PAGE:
Why Don’t Students Like School? Key Idea #2: Humans have two equally important types of memory.

Imagine the effort it would take if, each time you chopped an onion, you had to figure it out anew: At what angle should you hold the knife, and where should you cut? Luckily, our brains have developed in a way that allows us to stockpile solutions to past problems – in memory.

Our memory falls into two categories. Working memory is best thought of as a form of consciousness. We receive inputs directly from our environments, and working memory handles the information appropriate to the task at hand. For example, when we’re temporarily memorizing a phone number or counting how many onions have been chopped, it’s our working memory storing those digits.

However, working memory is extremely limited in its capacity. It can only hold or process a puny seven items at a time. There’s an upside to this limit though. Can you imagine every phone number you’ve ever seen getting permanently lodged in your brain?

Only some of the items in working memory get transported to the second form of memory. This is the long-term memory, the brain's colossal knowledge warehouse.

This transfer only happens if the information is considered important enough.

Long-term memory is where the brain stores information, but without us necessarily being conscious of it. There the knowledge sits until needed. It’s how we know effortlessly that tigers have stripes or that we prefer red onions.

The process of recall transfers the information back to the working memory so that we become aware of it once more.

A nice analogy for long-term and working memory are computer RAM chips and hard drives. RAM, or Random-Access Memory, is where machines store information necessary to run processes, but for no longer than that. On the other hand, hard drives store really important data permanently. In fact, since humans’ memories are such efficient systems for processing and storing information, early computer scientists actually took the human brain as their model and designed computers to emulate it!

We read dozens of other great books like Why Don’t Students Like School?, and summarised their ideas in this article called Life purpose
Check it out here!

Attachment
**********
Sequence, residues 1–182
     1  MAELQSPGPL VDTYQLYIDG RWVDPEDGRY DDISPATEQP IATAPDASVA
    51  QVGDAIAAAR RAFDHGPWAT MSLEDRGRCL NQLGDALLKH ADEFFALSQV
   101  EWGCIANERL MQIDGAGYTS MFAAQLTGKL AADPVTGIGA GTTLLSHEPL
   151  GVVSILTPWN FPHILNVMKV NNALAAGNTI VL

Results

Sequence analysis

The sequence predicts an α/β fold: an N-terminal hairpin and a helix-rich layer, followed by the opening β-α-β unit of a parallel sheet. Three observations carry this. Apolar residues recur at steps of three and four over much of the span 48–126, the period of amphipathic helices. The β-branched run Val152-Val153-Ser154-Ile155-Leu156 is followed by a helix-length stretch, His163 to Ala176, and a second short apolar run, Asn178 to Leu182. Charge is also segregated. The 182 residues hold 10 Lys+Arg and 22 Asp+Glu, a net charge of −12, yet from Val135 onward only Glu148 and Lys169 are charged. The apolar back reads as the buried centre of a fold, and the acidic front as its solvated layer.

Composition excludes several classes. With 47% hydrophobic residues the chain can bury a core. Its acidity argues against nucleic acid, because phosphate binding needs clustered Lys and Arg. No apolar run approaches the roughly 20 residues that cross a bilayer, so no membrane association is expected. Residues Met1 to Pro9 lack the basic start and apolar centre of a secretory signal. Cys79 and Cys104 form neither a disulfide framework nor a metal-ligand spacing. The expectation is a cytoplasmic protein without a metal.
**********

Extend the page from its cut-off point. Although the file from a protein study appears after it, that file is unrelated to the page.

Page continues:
Why Don’t Students Like School? Key Idea #3: Learning is a heavily context-based process.

For the native English speaker, learning German, while hard, isn’t as tricky as getting to grips with, say, Japanese. Why is that? You would think that as they’re both foreign languages, they’d be equally difficult to learn. Well, unluckily for English-speaking expats in Japan, that’s just not how the brain works.

The truth is, your brain isn’t very good at processing new information cold; that is to say, it likes to have some prior contextual knowledge, alongside which new knowledge can be easily placed. So if there’s no contextual content we can work with, it’s hard to make connections, and thus harder to make information stick.

Just consider the sentences in the following paragraph in isolation:

It’s a simple but essential technique: First, you organize the items into different groups. This is commonly done through color coordination, and one group may be enough depending on your circumstances. If you must travel because you do not have the facilities, that comes next, and after this the preparation is complete. However, there is a crucial thing to bear in mind: Do not overdo things. It’s always better to underfill than overfill.

Did you manage to work out what was going on? If you figured out that these are instructions on how to use a washing machine, then no doubt you had to put your brain’s problem-solving abilities to considerable effort. And even if you didn’t hit upon the answer, it would still have been tiring. That’s because you lacked the necessary context to help you ascribe meaning to the sentences.

When looked at like that, it’s clear that understanding the critical role of context can help educators improve their teaching.